On Dec 6, 6:31 pm, Tony Arcieri <tony.arci...
> > The erlang way (eep-0010, eep-0011) seems to be:
> > * binaries which contain text can contain utf-8 or latin1. (latin1,
> > being a fixed single-byte encoding, is effectively just binary)
> > * when the operation needs to know which, you say explicitly at the
> > point of operation: e.g. "~s" vs "~ts" for format string, "/utf8"
> > modifier for matching characters in binaries, "unicode" flag to re for
> > regexp matching.
> I'd rather that be automatic, with strings "knowing" they're UTF-8.
I wouldn't, as it leads to all sorts of complexities:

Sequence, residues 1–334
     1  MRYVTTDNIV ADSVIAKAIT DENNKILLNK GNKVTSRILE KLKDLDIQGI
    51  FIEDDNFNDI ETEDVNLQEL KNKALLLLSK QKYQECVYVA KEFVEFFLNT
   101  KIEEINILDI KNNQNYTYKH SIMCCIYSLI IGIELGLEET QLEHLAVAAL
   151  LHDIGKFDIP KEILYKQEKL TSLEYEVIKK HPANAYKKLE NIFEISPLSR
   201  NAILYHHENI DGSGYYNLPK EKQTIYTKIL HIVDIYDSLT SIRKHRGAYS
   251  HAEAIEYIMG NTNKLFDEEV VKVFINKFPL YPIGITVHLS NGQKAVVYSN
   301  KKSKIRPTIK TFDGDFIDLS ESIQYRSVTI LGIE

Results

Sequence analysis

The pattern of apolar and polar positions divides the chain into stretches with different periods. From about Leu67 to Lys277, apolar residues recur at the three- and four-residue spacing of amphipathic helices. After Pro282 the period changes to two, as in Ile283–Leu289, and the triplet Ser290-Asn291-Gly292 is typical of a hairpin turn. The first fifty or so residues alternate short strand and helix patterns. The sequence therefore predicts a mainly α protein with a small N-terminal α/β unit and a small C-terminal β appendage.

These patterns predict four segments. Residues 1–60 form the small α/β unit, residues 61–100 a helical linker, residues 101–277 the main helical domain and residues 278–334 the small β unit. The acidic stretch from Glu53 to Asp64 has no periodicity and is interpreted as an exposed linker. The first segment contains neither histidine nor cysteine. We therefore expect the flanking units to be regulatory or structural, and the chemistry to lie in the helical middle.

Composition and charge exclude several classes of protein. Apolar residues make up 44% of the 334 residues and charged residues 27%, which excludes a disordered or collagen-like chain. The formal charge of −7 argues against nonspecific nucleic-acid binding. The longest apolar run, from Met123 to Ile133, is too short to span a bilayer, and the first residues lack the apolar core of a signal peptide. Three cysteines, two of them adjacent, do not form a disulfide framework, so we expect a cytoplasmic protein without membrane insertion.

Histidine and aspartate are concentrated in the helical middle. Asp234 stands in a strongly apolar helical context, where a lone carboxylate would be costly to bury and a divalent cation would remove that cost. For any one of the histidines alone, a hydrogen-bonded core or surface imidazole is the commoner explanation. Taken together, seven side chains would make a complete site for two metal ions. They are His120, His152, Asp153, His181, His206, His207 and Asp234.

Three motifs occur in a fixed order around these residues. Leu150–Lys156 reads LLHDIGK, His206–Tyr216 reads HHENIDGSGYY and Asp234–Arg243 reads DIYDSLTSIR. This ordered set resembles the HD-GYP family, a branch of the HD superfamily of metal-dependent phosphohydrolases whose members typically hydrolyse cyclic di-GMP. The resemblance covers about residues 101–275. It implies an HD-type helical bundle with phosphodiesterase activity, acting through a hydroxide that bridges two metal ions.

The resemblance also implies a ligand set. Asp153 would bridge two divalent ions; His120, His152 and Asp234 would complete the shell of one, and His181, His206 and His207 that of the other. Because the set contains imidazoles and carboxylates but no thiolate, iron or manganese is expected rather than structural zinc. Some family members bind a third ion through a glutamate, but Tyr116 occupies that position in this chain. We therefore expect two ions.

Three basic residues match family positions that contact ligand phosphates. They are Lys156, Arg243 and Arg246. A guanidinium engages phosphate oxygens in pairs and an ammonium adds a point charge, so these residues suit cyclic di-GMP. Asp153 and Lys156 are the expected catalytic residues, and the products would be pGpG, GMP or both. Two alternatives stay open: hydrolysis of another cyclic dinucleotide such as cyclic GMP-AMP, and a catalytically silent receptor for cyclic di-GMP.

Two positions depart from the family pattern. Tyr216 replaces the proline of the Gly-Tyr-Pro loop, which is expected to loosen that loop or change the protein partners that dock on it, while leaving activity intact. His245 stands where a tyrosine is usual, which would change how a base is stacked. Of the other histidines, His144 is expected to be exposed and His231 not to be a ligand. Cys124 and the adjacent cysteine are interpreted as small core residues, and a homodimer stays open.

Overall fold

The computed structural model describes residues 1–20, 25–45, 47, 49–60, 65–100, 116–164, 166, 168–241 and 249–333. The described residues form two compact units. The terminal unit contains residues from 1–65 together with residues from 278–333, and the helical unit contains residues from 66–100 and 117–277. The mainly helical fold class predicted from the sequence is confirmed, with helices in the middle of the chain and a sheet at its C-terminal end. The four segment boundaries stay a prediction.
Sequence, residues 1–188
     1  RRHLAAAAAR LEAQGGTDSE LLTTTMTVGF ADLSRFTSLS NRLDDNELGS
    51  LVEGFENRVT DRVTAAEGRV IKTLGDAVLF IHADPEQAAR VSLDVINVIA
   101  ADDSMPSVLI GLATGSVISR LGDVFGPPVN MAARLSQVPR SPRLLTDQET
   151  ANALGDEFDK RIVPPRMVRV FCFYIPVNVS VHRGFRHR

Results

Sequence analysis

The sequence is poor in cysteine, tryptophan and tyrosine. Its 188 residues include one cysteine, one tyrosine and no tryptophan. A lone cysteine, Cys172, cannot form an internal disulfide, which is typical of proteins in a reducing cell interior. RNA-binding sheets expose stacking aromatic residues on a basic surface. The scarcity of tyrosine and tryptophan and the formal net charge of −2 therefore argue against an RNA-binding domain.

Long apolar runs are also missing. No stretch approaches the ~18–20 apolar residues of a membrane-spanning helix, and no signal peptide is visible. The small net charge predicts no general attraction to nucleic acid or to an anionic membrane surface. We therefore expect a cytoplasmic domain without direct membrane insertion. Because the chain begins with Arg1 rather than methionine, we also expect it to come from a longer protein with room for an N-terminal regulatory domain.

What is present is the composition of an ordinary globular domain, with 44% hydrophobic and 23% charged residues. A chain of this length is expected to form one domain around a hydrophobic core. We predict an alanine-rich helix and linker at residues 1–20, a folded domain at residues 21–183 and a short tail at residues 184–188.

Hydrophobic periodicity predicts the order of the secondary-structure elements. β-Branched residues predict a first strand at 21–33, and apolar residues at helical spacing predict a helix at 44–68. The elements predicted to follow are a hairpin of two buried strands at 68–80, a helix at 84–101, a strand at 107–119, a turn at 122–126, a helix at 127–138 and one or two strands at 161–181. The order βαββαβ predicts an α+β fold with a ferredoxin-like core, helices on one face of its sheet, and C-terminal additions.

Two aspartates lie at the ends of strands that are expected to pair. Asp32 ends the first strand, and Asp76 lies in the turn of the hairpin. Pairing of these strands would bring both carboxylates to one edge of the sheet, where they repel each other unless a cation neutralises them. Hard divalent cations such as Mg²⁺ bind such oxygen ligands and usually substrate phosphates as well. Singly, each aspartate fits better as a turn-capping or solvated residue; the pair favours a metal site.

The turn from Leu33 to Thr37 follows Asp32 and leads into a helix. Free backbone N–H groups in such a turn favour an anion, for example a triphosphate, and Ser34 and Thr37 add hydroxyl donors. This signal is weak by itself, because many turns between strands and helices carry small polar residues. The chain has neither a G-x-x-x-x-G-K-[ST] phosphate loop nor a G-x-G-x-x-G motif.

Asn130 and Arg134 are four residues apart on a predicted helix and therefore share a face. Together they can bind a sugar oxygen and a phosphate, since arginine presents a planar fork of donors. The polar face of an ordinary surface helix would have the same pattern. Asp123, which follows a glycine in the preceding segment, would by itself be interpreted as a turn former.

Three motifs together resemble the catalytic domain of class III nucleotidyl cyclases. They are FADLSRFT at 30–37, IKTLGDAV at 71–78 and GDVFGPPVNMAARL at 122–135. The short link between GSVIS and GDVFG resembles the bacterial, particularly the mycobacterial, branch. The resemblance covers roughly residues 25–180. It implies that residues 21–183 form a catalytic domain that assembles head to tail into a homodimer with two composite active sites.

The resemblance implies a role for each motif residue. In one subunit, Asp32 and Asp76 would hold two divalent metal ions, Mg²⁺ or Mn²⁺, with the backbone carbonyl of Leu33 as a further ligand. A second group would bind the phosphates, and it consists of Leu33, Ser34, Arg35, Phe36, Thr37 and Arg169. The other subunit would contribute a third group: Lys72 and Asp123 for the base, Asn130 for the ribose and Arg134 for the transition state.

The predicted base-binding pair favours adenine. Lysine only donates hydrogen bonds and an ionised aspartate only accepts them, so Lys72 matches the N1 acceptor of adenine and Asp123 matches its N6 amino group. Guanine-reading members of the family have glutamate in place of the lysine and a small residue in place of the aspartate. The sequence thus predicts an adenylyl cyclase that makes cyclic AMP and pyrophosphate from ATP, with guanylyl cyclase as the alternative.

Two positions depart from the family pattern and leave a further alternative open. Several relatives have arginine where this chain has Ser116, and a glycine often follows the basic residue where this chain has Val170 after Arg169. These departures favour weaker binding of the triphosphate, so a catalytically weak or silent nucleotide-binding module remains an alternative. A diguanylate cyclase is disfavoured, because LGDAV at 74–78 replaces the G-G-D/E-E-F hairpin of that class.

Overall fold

* How do strings get assigned their initial encoding? (String
literals, strings read from stdin, strings read from files, strings
from the O/S like directory listings, ...)
* What happens if string with encoding A is concatenated with a string
of encoding B? What about with the empty string? In general, for every
method which takes string argument(s), how is its behaviour modified
dependent on the encoding of those string(s)?
* For every method which *returns* a string, how is the encoding of
that string chosen?
* Repeat for all system libraries and all third-party libraries
Even if Reia has only a one-bit flag, or two classes (utf8/binary),
these issues all still arise. And yet at the point of interacting with
the operating system, for example when calling read() or readdir(),
strings are just binary data. So all this hidden state has to be
synthesised when data arrives, and thrown away when data leaves.